Twitter Code Reveals How Upcoming Edit Button Might Work
Shortly after Tesla CEO and celebrity billionaire Elon Musk bought a 9.2% stake in Twitter and became the company’s largest shareholder earlier this month, he tweeted a poll asking if the platform should finally add a feature that users have been demanding for years — the ability to edit tweets.
Once he did that, the social media giant suddenly started talking publicly about an ‘Edit’ button for tweets that it has apparently been working on since 2021.
Musk has since offered to buy Twitter for a whopping $43 billion USD in cash. The Edit button, on the other hand, is scheduled to start rolling out to Twitter Blue subscribers for testing as part of the experimental ‘Labs’ feature-set in the coming months.
1/ We’ve been exploring how to build an Edit feature in a safe manner since last year and plan to begin testing it within @TwitterBlue Labs in the coming months. Sharing a few more insights on how we’re thinking about Edit 🧵 https://t.co/WbcfkUue8e
— Jay Sullivan (@jaysullivan) April 5, 2022
Several reverse engineers and data miners have already noticed references to the still-under-development ‘Edit Tweet’ feature in the code for the Twitter website and web app (via TechCrunch).
— Alessandro Paluzzi (@alex193a) April 15, 2022
Check out a GIF of the new Edit Tweet button in action below, courtesy of reverse engineer Nima Owji (@nima_owji):
— Nima Owji (@nima_owji) April 16, 2022
The feature will add a new ‘Edit Tweet’ button to the three-dot menu located at the top-right of your tweet. Not only does the new code show us where the Edit Tweet button will be located, but it also gives us clues as to how the feature will actually work.
Reverse engineer Jane Manchun Wong (@wongmjane) found that editing a tweet using this feature will actually create an entirely new tweet (with a fresh ID for back-end systems), preserving the original tweet and adding it to a representation of the tweet’s entire edit history.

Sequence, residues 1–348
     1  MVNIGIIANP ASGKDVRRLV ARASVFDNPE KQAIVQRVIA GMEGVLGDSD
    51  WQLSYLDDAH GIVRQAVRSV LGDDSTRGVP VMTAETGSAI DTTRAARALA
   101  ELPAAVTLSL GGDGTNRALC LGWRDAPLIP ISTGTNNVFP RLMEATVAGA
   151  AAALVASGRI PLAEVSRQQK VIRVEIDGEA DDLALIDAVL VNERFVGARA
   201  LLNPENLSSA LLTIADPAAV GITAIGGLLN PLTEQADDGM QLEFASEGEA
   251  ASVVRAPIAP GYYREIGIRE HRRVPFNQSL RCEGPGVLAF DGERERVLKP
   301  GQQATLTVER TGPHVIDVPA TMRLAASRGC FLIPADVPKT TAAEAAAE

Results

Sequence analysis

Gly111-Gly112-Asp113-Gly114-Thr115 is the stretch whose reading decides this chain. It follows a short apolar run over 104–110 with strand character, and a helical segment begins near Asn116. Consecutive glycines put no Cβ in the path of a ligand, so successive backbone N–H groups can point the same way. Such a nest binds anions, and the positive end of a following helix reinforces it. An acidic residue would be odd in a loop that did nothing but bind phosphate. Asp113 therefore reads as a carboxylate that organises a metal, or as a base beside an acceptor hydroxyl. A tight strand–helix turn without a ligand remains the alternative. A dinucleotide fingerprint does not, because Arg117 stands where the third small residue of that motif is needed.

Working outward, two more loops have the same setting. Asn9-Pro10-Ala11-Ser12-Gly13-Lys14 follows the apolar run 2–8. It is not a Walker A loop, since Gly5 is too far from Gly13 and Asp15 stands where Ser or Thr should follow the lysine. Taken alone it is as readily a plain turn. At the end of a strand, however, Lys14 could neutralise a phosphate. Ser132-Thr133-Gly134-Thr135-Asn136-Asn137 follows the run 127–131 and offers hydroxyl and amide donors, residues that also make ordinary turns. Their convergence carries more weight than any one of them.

Looks like Twitter’s approach to Edit Tweet is immutable, as in, instead of mutating the Tweet text within the same Tweet (same ID), it re-creates a new Tweet with the amended content, along with the list of the old Tweets prior of that edit
— Jane Manchun Wong (@wongmjane) April 16, 2022
Twitter does not seem to have decided on how it is going to make both the fact that a tweet has been edited and its edit history readily visible and easily accessible to users, though. That is pretty important for the platform to get right, considering how easily the ability to edit tweets could be abused to “alter the record of the public conversation,” as the company previously said.
While Twitter’s code does indicate that there will be an edit history for tweets once this feature goes live, the user interface for such functionality is uncertain at this point.
According to former Twitter employee Ben Sangster, the platform evaluated the possibility of an edit feature for tweets back in 2015, but ultimately concluded that the potential for such a feature to be abused was “too high to move forward.”
Honestly, as complex as the implementation might end up being, the abuse vectors are going to be far harder to manage / mitigate. I was part of an effort to investigate this back in 2015-ish (?) and we concluded that the potential for abuse was too high to move forward.
— Ben (@sangster) April 16, 2022